very slow decrease in absolute amounts of lipid-bound bromine. All
    organs examined contained lipid-bound bromine (Crampton, 1968).

    Long-term studies

    None available.

    Observations in man

         Bromine estimation in human adipose tissue fat and other organ
    fats from Holland, Germany and U.K. revealed high levels of
    lipid-bound bromine only in that country which permitted the use of
    brominated vegetable oil as a food additive. High levels of
    lipid-bound bromine were found particularly in children up to the age
    of 15, the levels in adults being very much lower. Lipid-bound bromine
    increased in organ fat in an age-related manner and levels were much
    higher in the fat extracted from brain, liver and spleen than from
    adipose tissue. Body fat from countries not using brominated vegetable
    oils contained only minimal lipid-bound bromine. Apparently no
    chemical abnormalities were associated with bromine storage (British
    Indust. Biol. Res., Assoc., 1970).


         Brominated vegetable oils were considered at the Ninth FAO/WHO
    Expert Committee meeting of Food Additives (FAO/WHO, 1966) but not
    evaluated because of lack of suitable data. Attention was then drawn
    to the necessity for providing evidence on cumulation and subsequent
    release of bromine in body lipids. Recent evidence has demonstrated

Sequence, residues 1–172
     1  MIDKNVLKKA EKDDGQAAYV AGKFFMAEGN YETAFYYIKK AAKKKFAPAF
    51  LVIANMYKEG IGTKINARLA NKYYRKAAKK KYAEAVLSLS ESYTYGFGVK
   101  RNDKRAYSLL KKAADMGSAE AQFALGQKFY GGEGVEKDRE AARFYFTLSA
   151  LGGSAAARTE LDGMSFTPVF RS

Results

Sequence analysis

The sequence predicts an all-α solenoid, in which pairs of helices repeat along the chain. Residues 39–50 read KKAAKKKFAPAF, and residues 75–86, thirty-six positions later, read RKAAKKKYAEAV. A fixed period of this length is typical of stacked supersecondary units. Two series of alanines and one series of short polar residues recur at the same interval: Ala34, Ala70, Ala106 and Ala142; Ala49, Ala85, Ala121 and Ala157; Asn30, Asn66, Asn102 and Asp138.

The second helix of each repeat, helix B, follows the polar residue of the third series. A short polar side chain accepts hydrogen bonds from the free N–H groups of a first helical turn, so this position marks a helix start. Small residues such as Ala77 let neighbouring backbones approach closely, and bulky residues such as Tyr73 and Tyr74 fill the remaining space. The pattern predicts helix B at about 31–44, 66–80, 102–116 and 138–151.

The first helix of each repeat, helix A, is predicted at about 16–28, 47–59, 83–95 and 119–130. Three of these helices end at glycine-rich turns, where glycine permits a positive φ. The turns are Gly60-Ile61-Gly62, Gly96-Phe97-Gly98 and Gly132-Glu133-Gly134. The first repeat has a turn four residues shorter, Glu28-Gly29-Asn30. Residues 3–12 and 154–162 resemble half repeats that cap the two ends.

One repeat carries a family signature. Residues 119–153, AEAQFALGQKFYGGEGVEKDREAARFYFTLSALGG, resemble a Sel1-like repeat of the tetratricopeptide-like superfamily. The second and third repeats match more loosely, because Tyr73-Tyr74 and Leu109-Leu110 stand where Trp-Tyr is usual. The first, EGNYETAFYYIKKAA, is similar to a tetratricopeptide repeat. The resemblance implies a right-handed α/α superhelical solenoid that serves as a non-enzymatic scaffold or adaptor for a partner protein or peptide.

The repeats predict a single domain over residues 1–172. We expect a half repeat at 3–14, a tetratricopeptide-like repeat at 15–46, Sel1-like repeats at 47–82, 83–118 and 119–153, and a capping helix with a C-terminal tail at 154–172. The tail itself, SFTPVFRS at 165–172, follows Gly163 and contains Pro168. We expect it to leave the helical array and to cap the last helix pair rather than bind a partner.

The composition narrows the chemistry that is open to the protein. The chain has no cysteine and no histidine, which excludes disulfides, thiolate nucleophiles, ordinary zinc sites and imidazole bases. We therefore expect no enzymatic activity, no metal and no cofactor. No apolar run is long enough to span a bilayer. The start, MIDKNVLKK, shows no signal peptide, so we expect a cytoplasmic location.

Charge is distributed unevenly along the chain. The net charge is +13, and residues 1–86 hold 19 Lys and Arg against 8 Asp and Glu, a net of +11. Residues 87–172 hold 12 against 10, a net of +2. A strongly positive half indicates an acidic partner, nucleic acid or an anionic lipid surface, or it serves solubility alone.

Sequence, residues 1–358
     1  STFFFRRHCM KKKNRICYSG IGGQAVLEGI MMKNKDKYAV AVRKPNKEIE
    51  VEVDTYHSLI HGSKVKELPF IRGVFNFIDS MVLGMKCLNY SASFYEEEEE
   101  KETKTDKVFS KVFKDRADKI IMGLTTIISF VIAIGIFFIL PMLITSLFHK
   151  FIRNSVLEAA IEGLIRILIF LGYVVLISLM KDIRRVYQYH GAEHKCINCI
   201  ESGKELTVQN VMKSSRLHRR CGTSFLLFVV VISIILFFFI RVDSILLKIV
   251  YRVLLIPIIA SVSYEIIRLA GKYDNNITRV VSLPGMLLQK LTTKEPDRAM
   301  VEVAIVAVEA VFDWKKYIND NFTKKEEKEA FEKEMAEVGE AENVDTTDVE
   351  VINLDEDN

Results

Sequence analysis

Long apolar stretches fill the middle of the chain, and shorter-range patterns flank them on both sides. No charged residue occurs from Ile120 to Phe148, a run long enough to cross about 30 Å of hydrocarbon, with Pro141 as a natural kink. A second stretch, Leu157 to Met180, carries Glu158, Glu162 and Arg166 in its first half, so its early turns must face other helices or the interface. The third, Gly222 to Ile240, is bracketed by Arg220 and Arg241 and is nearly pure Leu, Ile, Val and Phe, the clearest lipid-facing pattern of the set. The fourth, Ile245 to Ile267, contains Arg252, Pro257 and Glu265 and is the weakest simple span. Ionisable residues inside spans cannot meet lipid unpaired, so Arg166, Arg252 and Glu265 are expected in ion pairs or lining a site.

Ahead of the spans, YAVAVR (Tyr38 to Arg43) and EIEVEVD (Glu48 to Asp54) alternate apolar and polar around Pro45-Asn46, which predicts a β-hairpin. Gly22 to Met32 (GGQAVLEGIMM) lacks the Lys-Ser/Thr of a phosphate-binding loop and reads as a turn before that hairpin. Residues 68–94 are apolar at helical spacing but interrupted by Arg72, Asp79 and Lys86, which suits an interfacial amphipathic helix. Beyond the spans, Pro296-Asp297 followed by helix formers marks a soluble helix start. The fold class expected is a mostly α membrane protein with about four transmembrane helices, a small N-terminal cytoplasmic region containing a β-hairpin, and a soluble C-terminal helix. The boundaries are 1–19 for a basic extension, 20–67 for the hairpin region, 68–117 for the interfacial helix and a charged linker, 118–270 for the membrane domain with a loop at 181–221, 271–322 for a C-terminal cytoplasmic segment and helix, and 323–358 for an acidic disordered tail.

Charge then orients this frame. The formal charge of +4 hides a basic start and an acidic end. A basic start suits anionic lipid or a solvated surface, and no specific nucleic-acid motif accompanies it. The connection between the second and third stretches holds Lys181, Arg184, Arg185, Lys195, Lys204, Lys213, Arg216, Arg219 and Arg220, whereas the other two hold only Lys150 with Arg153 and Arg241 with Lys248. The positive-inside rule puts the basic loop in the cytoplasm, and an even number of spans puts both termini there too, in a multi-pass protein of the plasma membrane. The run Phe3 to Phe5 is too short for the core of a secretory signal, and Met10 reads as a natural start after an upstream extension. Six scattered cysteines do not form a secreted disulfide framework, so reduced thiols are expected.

accumulation of bromine in the body lipids of the rat, pig and man
    (particularly children). Despite the absence of any definite
    pathological effects in man, it seems undesirable that lipid-bound
    bromine should accumulate in the tissues of man. Progressive cardiac
    lesions have been noted in the rat at comparatively high levels of
    intake. No long-term studies are available to define a no-effect


         The absence of a no-effect level based on long-term studies
    precludes the establishment of any formal ADI.

    Further work required

         Long-term studies using various forms of brominated vegetable
    oil, commonly used commercially, with particular emphasis on bromine
    storage in tissues and on cardiac pathology.

         The significance of bromine deposition in body lipids should be
    determined and the possibility investigated of an epidemiological
    relationship to cardiac disease in man.

         Identification of the brominated derivative(s) accumulated in the
    fat of animals and man as well as a study of their toxicological


    British Industrial Biological Research Association (1970) BIBRA
    Information Bulletin (in press)

    Cortell, R. (1941) Unpublished report submitted to WHO

    Cortell, R. (1956) Assoc. F. D. Off., USA Quart. Bull., 20, 71

    Crampton, R.F., Gaunt, I.F. & Gangoli, S.D. (1968) BIBRA Research
    Report No.5 Unpublished report submitted to WHO

    FAO/WHO (1966) FAO Nutrition Meetings Report Series No.40; Wld Hlth
    Org. techn. Rep. Ser., 339

    Gaunt, I.F., Grasso, P. & Gangoli, S.D., (1968) BIBRA Research Report
    No.6 submitted to WHO

    Munro, I.C., Middleton, E.J. & Grice, H.C. (1969) Fd. Cosmet.
    Toxicol., 7, 25

    Munro, I.C., Middleton, E.J. & Salam, K. (1970) Unpublished report
    submitted to WHO

    See Also:
       Toxicological Abbreviations